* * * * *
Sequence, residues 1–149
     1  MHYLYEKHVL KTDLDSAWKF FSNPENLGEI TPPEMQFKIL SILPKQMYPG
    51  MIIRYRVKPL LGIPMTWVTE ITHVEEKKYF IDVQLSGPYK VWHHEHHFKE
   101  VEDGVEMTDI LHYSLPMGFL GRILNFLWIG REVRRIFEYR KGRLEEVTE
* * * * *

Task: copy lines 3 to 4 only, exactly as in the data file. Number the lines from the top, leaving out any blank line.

    51  MIIRYRVKPL LGIPMTWVTE ITHVEEKKYF IDVQLSGPYK VWHHEHHFKE
   101  VEDGVEMTDI LHYSLPMGFL GRILNFLWIG REVRRIFEYR KGRLEEVTE